The Crisis Has Been Cancelled
There’s music, and then there’s music business, or the music industry. The industry, or business of music, along with its marketing, tends to distort our picture of what music is, and the importance it holds for all of us as human beings. Historically, as new technologies have developed, from the printing press, to radio, to the gramophone, to the internet, habits of music consumption have also been affected, and naturally, the means for monetization of music have adapted accordingly.
There is no crisis in music, but merely a shift in commoditization (and commodification) practices of recorded music which leave some reeling, and some rubbing their hands. The common statement “people no longer value music” is simply untrue. We, all of us, value music to the extent that the amount of recorded music (i.e. vinyl albums, CD’s, mp3’s, and streams) being consumed, and the diversity of music sources, i.e. both the amount of individuals producing music, and the available formats, modes, and channels of distribution have never been greater in the history of humankind. And if we the people can consume something, anything, for free or almost free, that’s what we will do, and soon, given the current ubiquity of music, that’s what all of us will be doing. If we’re not doing it already.
There are no fads, no trends, no what’s hip, cool, phat, sick, dope, yada yada, and what’s not. Those are merely manipulative economic forces at work, the musical equivalent of click bait and fake news. Strip away the sex, image, bling, or whatever else is attached, and all there is, is music.
That, by and large, is a simplified representation of the current state of affairs within one economically powerful sector of the music business known as the recording industry. The recording industry supports an entire infrastructure of people, myself included, whose livelihoods as we’ve known them either partially or fully depend(ed) upon upholding status quo within the sector. No matter how much we music creators fight for various rights to which we have become accustomed, “a change is gonna come.” (Thank you, Sam Cooke)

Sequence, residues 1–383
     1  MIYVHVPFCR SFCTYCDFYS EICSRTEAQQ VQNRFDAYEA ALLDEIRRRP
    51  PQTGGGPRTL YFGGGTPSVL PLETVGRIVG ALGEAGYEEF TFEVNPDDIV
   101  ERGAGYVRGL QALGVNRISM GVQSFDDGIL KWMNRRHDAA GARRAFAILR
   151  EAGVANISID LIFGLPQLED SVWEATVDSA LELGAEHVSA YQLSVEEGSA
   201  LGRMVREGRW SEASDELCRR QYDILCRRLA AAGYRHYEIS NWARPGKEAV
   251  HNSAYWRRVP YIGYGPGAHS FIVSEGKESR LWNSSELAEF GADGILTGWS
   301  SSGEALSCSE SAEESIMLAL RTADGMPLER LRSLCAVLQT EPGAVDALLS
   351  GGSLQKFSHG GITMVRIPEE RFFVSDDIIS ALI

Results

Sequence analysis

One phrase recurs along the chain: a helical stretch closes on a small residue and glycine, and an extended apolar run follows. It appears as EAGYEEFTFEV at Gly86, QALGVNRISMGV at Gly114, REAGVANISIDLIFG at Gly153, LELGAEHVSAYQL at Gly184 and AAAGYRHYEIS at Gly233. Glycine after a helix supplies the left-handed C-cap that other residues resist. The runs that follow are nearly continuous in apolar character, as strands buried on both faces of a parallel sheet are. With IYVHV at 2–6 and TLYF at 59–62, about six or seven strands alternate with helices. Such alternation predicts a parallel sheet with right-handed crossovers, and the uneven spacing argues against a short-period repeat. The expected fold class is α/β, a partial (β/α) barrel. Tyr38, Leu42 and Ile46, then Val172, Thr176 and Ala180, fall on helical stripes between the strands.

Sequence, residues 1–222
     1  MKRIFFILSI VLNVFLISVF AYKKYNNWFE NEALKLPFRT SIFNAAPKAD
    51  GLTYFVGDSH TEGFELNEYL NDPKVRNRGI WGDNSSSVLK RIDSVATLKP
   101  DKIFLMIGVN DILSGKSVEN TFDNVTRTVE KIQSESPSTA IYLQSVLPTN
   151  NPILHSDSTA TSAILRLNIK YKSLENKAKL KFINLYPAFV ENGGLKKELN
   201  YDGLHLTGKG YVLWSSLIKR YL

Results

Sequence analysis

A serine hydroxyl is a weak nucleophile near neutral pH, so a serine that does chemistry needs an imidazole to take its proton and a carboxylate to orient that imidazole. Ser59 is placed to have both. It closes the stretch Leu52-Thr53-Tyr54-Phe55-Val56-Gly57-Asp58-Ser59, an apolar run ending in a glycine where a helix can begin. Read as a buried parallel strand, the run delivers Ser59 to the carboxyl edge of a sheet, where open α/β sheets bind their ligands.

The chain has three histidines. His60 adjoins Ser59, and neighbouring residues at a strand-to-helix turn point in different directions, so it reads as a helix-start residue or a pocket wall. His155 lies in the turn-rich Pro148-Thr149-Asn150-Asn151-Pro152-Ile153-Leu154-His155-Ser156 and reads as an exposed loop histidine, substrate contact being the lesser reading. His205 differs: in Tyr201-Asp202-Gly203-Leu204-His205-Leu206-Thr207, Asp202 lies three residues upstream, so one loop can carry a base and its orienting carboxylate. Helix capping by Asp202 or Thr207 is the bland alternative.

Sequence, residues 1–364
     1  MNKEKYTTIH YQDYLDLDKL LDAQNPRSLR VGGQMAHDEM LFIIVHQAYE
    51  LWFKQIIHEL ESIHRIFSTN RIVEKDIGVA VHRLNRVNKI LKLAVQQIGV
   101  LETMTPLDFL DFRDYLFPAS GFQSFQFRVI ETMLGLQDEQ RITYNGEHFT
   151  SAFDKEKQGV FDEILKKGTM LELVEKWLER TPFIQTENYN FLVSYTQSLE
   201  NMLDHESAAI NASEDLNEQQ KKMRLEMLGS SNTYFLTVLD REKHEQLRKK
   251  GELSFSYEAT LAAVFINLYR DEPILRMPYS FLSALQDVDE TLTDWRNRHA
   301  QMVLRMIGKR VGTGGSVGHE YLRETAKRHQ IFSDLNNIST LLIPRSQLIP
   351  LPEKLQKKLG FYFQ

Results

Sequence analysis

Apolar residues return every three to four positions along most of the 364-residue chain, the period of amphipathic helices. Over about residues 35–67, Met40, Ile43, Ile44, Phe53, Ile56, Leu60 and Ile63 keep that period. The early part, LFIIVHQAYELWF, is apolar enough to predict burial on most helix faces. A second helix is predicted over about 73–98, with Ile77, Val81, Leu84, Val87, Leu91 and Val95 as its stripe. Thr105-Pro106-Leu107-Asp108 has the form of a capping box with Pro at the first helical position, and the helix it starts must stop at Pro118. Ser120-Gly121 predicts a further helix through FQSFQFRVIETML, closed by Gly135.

None of this has anything to do with the art form known as Music. When I think of what the word “music” represents, I think of the creation of music, the performance of music, the emotional connection and shared meaning brought about by music, music’s ability to heal and sooth, inspire to aspire, incite to movement, action, and ultimately, change and transformation. Just look at the past 60–70 (or more) years: Jazz brought about social change, as did rock ’n’ roll, soul, and most recently in the 90’s, hip hop affected the entire world, with credit due to a novel, original mix of jazz, soul, and rock samples.
And right now, we’re in a state of flux. We are in between the last big thing, and the next big thing. The current thing is largely about exploiting the artist-audience connection in order to build a brand that can sell cologne, sneakers, champagne, tequila, clothing, cosmetics, or whatever else can offset decreasing revenues from recorded music sales. The next big thing, whatever that means, (imaginably some combination of music genre fusion and AR/VR delivery platform) will not, and never has, emerged from the mainstream or current status quo, it will come creeping up from somewhere completely unexpected, like hip hop from the streets of urbania. But again, none of this has anything to do with music.
People are starving for musical authenticity
Music can blow people’s minds. Any kind of music: soft, loud, aggressive, gentle, simple, complex, dense, transparent, whatever. Music, period. There are no fads, no trends, no what’s hip, cool, phat, sick, dope, yada yada, and what’s not. Those are merely manipulative economic forces at work, the musical equivalent of click bait and fake news. Strip away the sex, image, bling, or whatever else is attached, and all there is, is music.
As a music creator and performer, I know this: People, the audience, are literally starving for musical authenticity, and they are willing to stretch their expectations, imaginations, habits, beliefs, convictions and much, much more, to grasp and hang onto that which speaks truthfully to their mind, body, and soul. I suspect this has always been the case throughout time, or at least until MTV. Especially during these times of transition, there is little rational argument for holding back or playing it safe with regard to any form of creative musical expression capable of such powerful human connection.
If ever there was a time to “give the people what they didn’t know they wanted”, this is it. In reality, one note, charged with artistry, intent, and purpose, can change a life, forever. Whether performing live, composing, or producing music in the studio, those are the notes I’m looking for, the notes with meaning.